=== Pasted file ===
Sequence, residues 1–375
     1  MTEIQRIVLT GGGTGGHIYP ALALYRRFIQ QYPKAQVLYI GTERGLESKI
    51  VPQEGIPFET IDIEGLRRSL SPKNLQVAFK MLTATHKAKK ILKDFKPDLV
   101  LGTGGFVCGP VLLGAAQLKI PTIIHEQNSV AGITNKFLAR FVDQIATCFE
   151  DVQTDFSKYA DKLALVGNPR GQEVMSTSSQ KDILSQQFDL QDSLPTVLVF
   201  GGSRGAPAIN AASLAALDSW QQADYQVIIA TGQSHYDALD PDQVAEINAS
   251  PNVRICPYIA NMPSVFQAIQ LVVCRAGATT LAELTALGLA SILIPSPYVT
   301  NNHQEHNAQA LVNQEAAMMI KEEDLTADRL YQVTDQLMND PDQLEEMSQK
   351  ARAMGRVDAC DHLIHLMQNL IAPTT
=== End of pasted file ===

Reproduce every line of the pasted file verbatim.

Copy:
Sequence, residues 1–375
     1  MTEIQRIVLT GGGTGGHIYP ALALYRRFIQ QYPKAQVLYI GTERGLESKI
    51  VPQEGIPFET IDIEGLRRSL SPKNLQVAFK MLTATHKAKK ILKDFKPDLV
   101  LGTGGFVCGP VLLGAAQLKI PTIIHEQNSV AGITNKFLAR FVDQIATCFE
   151  DVQTDFSKYA DKLALVGNPR GQEVMSTSSQ KDILSQQFDL QDSLPTVLVF
   201  GGSRGAPAIN AASLAALDSW QQADYQVIIA TGQSHYDALD PDQVAEINAS
   251  PNVRICPYIA NMPSVFQAIQ LVVCRAGATT LAELTALGLA SILIPSPYVT
   301  NNHQEHNAQA LVNQEAAMMI KEEDLTADRL YQVTDQLMND PDQLEEMSQK
   351  ARAMGRVDAC DHLIHLMQNL IAPTT